The Blog

Using the Enneagram to Find Your Why

Let’s face it, there’s a whole lotta competition out there. I know you’re not in this game to be the lowest cost option (ick), so what’s it going to take to stand apart in a sea of sameness?

Getting laser-focused on “why” you do what you do is absolutely critical. If you truly want to build a brand that calls in your dream clients, you need more than a slick logo, memorable messaging, and some products or services. You need a powerful and authentic narrative that resonates on a deeper level.

When your “why” is clear and aligned with your values, it becomes the driving force behind your brand, setting you apart from competitors and attracting clients who share your vision. It establishes an emotional connection, builds trust, and inspires loyalty, as people are drawn to businesses that have a genuine purpose and a meaningful impact.

Purpose and impact.

Let that simmer for a moment. Sure, you need to get paid, but I’m guessing you might be an entrepreneur because you weren’t finding purpose and creating impact in a traditional J-O-B. (I know I wasn’t.)

So what is your purpose? What is the impact you’re hoping to make? That’s what we want to get super clear about as we nail down your “why”.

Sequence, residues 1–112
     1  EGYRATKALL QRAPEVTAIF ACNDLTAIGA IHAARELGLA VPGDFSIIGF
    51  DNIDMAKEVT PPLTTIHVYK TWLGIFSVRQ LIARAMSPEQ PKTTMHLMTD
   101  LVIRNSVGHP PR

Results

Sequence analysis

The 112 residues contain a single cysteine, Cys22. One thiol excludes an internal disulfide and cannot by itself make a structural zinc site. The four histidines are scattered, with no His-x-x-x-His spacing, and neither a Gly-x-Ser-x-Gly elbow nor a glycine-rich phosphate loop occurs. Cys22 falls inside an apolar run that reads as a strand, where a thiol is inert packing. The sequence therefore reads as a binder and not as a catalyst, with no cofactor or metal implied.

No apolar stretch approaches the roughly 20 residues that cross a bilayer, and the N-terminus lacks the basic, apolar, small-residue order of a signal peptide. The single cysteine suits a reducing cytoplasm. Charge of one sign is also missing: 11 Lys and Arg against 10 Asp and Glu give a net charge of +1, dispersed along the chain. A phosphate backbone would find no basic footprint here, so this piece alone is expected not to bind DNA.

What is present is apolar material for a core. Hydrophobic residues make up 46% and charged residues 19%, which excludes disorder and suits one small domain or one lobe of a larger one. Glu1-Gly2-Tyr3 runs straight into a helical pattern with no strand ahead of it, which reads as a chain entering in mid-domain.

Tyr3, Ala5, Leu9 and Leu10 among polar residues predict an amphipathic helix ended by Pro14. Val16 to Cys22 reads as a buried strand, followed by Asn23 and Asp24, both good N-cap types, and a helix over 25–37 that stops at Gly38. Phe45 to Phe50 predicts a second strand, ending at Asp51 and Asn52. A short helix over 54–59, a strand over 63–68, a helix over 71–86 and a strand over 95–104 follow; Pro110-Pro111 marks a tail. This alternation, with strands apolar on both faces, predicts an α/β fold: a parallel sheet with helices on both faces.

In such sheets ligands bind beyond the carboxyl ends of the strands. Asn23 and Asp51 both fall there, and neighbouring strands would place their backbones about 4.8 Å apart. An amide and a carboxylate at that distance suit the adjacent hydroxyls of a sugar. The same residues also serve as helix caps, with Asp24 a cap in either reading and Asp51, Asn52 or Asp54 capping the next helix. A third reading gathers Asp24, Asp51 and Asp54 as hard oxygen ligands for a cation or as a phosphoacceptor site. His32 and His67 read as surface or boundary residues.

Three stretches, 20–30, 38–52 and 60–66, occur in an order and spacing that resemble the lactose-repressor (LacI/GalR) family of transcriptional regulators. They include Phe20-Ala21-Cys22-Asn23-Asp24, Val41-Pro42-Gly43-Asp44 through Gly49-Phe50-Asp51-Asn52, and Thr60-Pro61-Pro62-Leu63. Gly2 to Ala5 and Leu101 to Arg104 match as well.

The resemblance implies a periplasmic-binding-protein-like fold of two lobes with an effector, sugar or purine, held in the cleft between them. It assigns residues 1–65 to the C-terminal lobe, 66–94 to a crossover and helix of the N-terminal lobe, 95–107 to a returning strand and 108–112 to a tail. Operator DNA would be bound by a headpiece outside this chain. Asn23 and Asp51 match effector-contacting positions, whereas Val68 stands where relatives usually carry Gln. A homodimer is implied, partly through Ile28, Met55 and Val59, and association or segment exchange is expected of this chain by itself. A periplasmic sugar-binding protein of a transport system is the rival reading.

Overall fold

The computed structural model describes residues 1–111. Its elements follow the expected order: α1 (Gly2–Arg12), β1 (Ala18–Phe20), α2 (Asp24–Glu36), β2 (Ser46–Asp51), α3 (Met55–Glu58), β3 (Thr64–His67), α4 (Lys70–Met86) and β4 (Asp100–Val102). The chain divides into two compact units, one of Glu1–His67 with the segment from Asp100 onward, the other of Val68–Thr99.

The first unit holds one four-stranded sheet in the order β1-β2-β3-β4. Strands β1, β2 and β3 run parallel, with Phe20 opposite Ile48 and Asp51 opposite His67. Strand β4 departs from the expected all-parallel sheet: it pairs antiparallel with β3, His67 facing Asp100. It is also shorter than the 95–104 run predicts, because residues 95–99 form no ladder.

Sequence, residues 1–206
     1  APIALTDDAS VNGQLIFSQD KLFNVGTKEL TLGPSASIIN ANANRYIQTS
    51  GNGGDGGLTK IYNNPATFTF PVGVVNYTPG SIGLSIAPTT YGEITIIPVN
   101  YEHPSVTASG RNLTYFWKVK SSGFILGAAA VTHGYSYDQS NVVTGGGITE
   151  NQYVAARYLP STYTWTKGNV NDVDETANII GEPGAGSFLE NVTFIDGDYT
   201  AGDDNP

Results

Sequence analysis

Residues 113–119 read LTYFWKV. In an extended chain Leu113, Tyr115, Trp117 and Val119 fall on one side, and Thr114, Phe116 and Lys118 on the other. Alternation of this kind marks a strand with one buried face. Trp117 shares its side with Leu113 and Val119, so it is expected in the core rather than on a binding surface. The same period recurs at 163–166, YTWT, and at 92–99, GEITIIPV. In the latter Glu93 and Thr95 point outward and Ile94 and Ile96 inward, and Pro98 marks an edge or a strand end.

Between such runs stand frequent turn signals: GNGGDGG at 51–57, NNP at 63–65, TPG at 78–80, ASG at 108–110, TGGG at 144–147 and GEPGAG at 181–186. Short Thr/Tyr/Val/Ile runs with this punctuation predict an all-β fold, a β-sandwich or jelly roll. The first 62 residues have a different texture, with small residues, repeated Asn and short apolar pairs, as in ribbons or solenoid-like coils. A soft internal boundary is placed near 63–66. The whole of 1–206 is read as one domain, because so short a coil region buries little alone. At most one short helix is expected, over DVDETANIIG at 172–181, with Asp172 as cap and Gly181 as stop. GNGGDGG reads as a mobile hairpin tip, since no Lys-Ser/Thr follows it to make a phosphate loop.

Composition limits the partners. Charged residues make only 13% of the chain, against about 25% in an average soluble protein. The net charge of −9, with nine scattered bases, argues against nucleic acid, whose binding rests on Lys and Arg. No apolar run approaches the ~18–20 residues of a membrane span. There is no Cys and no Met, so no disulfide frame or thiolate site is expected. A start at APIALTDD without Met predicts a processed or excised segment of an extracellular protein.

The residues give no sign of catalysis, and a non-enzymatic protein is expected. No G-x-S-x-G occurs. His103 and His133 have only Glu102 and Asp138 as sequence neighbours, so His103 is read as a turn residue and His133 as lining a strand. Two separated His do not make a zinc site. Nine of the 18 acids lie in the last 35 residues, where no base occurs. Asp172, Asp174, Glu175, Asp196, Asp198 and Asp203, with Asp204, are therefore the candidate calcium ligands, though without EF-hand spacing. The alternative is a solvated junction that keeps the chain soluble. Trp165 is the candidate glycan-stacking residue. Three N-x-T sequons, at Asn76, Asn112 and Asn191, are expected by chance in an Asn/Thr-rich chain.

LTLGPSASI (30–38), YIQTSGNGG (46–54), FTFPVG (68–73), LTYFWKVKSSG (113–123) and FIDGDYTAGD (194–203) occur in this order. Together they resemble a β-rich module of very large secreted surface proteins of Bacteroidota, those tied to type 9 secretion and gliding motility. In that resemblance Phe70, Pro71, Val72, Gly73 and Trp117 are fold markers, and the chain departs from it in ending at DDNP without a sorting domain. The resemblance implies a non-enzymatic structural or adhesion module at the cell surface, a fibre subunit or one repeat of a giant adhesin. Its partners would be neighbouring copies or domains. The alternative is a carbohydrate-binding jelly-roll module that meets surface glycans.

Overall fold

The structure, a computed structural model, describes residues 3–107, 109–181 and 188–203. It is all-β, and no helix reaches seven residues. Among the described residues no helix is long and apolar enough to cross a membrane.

Your “why” becomes the guiding light that fuels your brand’s mission, shapes your messaging, and influences every aspect of your business, leading to a stronger connection with your dream clients and a greater chance of long-term success. It’s what keeps you going when the road gets bumpy … and boy, can it get bumpy sometimes!

If you’ve struggled to figure out your “why” and still can’t quite put it into words, maybe it’s time to look at your Enneagram type for clues. Your Enneagram type sums up your core motivations and can be a good indicator of what really matters to you. It might spark something that you haven’t thought of already or confirm what you already know.

Find your type below and see what you think. Doesn’t sound quite right? Try your dominant wing type. Or look at what type you move to in your your Growth Path or Direction of Integration.

The cool thing about the Enneagram is that while we are probably most aligned with one type, we can often see ourselves embodying parts of several types. If you see something in another that speaks to you more than your own, that’s OK! Run with it and keep digging down to find your “why”.

  1. Type 1 – The Perfectionist: You’re driven by a desire for integrity, accuracy, and improvement. Your “why” in business often revolves around creating order, systems, and processes that meet high standards. As a Type 1 entrepreneur, you strive for excellence, efficiency, and making a positive impact by correcting what you perceive as wrong or unjust in your industry or society.
  2. Type 2 – The Helper: You’re motivated by a need to be loved and appreciated. Your “why” in business often revolves around helping and serving others. You excel at building relationships, providing support, and meeting the needs of your clients or customers. As a Type 2 entrepreneur, you’re likely driven by a desire to make a difference in people’s lives and create a sense of connection and belonging.